Veterinary attorneys looking at case

Protecting Veterinary Client Information

Veterinary practices routinely handle confidential client information. Confidential information includes animal and client-related information that links back to a person. Although animal treatment records themselves are not considered confidential information, they become so if they link back to a human client. Given the strong protection the law affords to such information, it is imperative to put safeguards in place to ensure legal compliance. If your veterinary practice fails to protect your client’s personal information, you could face serious legal consequences. In this article, we discuss how to protect veterinary client information. 

Assign Responsibility 

If you don’t do it yourself, you should appoint someone to take primary responsibility for the management of data protection. The employee you assign should be someone who is relatively senior and has a solid understanding of data protection.

Create a Privacy Policy 

Every veterinary practice should have a privacy policy. This policy should provide information about the types of personal data that is collected and processed by the practice, the different uses of the data, how long the data is retained, and whether it is shared. 

Provide Training

Every staff member with access to customer personal information should receive training. Ideally, records of such training should be kept and retained. In addition, employees should be provided with periodic refresher training to ensure that their knowledge on protecting personal information remains current. 

Implement Electronic Safeguards

Practically all veterinary records are now stored electronically. Therefore, you should implement multiple electronic safeguards to ensure that all client personal information remains protected. If you don’t have your own IT team, you should seek out a reputable IT company to assist you. Firewalls, anti-spyware software, and anti-virus software are just a few of the ways that an IT organization can help keep your customer information safe. And if you still maintain paper records, you should store them in a safe place and ensure that only the staff responsible for accessing such records can enter the area.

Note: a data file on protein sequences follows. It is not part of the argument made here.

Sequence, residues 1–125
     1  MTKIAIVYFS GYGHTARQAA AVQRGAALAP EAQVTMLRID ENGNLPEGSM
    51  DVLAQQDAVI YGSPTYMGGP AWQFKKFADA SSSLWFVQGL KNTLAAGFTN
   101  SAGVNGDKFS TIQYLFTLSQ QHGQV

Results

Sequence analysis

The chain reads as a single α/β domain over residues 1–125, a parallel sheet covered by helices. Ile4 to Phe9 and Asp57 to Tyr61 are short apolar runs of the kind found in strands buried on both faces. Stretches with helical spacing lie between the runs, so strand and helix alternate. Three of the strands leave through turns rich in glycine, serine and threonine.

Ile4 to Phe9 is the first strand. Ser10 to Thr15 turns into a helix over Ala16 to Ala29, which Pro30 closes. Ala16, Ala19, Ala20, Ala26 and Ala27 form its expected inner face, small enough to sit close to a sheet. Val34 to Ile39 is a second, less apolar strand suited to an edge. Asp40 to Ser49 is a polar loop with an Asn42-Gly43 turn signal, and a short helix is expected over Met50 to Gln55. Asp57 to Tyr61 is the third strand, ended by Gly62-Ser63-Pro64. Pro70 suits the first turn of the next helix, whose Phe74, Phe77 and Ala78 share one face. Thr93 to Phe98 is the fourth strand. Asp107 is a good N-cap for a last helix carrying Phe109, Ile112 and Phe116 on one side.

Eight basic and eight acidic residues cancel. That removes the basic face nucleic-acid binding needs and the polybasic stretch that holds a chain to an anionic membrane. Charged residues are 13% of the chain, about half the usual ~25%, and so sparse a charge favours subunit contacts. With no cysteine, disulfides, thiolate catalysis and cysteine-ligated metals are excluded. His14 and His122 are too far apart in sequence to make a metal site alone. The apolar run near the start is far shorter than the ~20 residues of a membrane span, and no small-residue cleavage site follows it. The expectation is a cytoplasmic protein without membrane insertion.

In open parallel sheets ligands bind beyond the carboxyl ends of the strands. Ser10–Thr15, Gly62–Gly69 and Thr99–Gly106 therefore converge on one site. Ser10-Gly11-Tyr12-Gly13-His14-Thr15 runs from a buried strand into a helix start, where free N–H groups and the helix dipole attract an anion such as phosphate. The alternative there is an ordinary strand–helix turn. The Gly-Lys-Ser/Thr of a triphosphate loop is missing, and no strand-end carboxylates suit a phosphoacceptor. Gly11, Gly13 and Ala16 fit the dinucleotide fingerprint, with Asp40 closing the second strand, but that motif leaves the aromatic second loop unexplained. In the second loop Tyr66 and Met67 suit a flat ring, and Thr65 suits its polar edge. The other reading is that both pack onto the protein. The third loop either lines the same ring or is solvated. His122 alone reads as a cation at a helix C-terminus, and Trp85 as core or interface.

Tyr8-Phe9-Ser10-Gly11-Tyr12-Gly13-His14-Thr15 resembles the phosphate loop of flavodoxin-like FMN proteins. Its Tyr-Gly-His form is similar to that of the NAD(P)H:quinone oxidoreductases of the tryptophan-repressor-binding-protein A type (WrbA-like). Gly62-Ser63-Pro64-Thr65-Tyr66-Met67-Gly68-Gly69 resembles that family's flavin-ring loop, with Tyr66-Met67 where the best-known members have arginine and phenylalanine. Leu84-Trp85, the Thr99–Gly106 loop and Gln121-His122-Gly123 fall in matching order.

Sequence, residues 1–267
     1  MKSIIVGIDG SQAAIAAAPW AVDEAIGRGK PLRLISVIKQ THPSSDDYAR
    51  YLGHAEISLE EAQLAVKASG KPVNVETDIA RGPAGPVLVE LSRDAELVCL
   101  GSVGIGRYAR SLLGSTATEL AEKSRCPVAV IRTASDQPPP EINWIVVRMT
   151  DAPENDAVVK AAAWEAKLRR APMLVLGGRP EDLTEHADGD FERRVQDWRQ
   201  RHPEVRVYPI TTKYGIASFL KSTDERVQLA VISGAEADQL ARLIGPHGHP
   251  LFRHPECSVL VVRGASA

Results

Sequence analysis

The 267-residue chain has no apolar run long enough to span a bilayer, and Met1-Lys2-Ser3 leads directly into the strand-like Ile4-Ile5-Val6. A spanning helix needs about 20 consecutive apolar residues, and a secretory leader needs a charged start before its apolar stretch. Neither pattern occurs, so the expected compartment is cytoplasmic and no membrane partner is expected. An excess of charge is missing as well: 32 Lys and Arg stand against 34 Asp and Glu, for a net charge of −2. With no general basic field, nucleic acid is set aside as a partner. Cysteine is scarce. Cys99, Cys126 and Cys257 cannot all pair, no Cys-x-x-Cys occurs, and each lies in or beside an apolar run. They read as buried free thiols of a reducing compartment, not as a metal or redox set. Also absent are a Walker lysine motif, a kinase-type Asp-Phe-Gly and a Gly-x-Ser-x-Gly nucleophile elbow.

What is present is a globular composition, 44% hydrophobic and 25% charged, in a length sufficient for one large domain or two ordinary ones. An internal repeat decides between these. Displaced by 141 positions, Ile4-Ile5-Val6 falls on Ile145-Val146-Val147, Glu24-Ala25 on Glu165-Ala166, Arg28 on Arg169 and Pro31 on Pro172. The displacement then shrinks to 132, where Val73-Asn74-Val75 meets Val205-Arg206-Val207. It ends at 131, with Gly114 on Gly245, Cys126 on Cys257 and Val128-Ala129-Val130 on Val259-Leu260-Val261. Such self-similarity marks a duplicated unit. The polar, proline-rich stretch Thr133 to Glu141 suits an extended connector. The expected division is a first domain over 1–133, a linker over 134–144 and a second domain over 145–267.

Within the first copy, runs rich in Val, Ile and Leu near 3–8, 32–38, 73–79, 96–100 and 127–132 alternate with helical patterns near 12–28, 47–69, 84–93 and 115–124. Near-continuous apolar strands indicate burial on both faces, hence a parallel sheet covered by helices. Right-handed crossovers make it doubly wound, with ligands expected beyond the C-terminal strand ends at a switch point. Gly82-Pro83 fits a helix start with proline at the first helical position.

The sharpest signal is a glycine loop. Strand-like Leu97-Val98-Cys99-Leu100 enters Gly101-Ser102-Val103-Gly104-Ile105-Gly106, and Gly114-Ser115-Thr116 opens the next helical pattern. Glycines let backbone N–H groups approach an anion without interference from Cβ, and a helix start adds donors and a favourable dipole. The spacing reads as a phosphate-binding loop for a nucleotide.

Routinely Review and Update 

You should also routinely review and update all aspects of your overall customer information protection plan. The laws that protect personal information are always changing, so you should consult with an experienced veterinary lawyer to ensure that the data protection protocols you have in place are effective and legally sufficient. Specifically, you should regularly review your policies and procedures, training materials, and electronic security measures to ensure that they are current and compliant with all relevant laws. 

Contact an Experienced Veterinary Lawyer 

Finally, as noted above, for assistance with protecting confidential veterinary client information, you should contact an experienced veterinary attorney. At Mahan Law, our experienced legal professionals will assist in the development of data protection policies and procedures that adhere to state and federal requirements. Please contact us as soon as possible to arrange a free and confidential consultation with one of our talented attorneys.

A veterinarian doctor in stress after an employment dispute

Understanding and Preventing Veterinary Burnout